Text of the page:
The Flambeau School Board voted 6-1 at its May meeting to accept a bid for new bleachers from NorthStar in the amount of $97,279.

The new bleachers will increase safety and include a railing in the center and be handicap accessible.

Board member Mike Schuetz voiced concern for the cost of the project. In considering the costs of the recall election and an increase in health care premiums, said Schuetz, the bleachers were not a good idea at this time.

The school could save approximately $10,000 in the cost of the project if the school removed the old bleachers instead of NorthStar. Board member Ruth Opachan said doing this would “be a good way to get the community to pitch in and reduce the cost” adding that kids could earn community service hours for helping and being involved.

Also at the meeting, middle school teacher Todd Roehl presented to Flambeau School Board at its May meeting, a student spotlight of this year’s seventh grade students who completed legacy projects. Also, board members approved the purchasing of new gymnasium bleachers and a teacher spoke during the open forum about the urgency of improving teacher retention.

Seventh graders have been completing the legacy project for each of the last five years and is a good way, according to Roehl, to develop skills, build connections and becoming involved in the community. Unique to Flambeau, the project allows students to be paired up with a resident at Ladysmith Care Community and build the project around that resident’s life.

Students meet with their legacy partner twice, once at the beginning to interview their partner about their life, and once at the end to present their project.

After the first meeting, students work on writing a biography, which includes pictures; create a poster, poem, timeline and a family tree of their legacy partner. The project requires lots of editing and students work diligently to honor their legacy partner, said Roehl.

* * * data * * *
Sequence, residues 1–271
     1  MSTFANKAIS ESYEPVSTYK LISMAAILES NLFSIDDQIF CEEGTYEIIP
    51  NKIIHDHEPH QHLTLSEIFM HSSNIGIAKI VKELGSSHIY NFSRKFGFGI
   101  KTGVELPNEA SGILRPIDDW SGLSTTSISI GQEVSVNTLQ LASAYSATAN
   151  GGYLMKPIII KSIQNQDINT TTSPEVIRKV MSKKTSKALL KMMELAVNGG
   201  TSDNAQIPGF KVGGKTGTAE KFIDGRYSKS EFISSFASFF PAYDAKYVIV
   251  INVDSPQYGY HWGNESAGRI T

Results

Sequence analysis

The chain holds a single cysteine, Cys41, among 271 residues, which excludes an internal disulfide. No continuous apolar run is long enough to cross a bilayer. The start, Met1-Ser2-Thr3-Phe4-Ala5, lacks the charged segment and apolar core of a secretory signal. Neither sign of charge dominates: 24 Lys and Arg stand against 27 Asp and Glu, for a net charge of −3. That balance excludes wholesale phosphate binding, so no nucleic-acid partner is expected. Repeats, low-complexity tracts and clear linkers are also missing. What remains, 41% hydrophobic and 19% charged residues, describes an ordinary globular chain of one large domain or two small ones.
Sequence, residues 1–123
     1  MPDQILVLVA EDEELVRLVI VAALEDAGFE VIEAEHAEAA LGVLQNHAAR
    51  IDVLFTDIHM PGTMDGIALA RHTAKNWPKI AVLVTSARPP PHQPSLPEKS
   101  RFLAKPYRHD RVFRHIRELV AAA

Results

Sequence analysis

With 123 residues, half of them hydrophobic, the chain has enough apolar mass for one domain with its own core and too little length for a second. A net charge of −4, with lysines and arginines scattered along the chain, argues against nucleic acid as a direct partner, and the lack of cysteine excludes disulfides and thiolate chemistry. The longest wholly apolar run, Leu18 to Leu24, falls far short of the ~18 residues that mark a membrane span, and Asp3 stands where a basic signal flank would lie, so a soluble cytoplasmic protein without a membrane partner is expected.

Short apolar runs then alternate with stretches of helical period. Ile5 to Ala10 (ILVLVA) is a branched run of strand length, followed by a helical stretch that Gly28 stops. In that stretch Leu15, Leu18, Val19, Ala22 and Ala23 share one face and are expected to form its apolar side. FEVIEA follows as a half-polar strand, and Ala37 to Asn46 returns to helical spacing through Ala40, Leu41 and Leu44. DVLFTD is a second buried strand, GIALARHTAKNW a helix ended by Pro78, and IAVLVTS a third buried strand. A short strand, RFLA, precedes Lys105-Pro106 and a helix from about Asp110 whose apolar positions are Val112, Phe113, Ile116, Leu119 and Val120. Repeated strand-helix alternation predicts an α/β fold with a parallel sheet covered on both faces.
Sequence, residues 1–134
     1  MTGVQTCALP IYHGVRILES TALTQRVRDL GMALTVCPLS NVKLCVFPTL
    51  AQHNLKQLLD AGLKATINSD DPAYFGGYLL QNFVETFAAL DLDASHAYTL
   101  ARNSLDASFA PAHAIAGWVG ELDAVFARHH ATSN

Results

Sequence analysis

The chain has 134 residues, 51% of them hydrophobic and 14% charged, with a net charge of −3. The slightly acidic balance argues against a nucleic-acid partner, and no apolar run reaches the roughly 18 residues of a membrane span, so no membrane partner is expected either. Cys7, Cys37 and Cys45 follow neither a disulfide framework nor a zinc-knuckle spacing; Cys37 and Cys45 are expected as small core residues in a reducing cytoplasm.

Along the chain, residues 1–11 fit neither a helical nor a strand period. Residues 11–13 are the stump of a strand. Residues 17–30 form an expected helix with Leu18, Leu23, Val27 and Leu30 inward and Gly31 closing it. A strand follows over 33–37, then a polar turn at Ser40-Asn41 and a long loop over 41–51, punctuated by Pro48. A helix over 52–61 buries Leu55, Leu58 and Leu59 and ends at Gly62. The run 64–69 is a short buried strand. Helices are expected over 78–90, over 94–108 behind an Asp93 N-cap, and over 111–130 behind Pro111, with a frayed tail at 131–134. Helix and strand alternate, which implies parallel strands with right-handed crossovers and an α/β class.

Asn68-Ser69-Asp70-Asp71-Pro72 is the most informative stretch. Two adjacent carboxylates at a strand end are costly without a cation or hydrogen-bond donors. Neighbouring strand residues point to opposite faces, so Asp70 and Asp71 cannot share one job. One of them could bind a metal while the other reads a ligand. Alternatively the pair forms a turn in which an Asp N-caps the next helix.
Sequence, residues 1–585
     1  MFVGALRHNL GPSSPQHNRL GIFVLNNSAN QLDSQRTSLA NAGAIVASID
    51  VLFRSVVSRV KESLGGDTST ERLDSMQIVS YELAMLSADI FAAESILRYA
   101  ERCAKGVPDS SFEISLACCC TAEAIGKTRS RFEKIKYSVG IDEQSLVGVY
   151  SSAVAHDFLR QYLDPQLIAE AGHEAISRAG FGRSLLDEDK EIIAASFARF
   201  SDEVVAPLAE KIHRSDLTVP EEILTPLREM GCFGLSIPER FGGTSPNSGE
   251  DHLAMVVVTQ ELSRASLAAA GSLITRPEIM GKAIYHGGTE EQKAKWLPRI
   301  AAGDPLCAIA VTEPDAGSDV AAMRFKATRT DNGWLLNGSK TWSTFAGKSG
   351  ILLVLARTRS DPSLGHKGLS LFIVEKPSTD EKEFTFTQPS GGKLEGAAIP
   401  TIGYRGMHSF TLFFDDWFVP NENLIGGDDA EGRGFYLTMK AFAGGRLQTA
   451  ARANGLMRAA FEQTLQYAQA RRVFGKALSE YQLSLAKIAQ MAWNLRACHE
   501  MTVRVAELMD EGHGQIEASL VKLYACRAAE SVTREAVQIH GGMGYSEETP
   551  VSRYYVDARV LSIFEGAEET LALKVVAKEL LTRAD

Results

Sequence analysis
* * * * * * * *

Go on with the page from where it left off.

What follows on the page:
The legacy projects are presented to their partner and their partner’s family who genuinely appreciate the work and insight into the life of the individual. The projects are especially appreciated in the memory care ward where they are used a therapy to help the individual remember their own past.

While the social interaction is tough for some kids, the project is “one of the best things we do in middle school. It teaches the kids to give back,” said Roehl.

The legacy project is an opportunity to build connections with people in their community.

The legacy project also has high expectations are students are held accountable. Students earn either an A or an F for their effort. If a student fails to complete the project, they are expected to meet with their legacy partner and their family to explain why. Roehl said “this is how it works in real life.”

Roehl believes this project makes Flambeau Middle School unique. “We do things no one else does…the students learn that it’s not about them.”

Concerned about teacher retention, teacher Chris Schwaller spoke during the open forum and urgently asked for a plan to provide more incentive, support and compensation for teachers at Flambeau. Schwaller said there is no pay scale or schedule but consistency needs to be a priority.

Schwaller said his “intention is to make sure kids succeed” and that he does not intend to leave but there needs to be a willingness to make changes for the better.

The next Flambeau school board meeting will be held at 6:30 p.m. on Wednesday, June 19.

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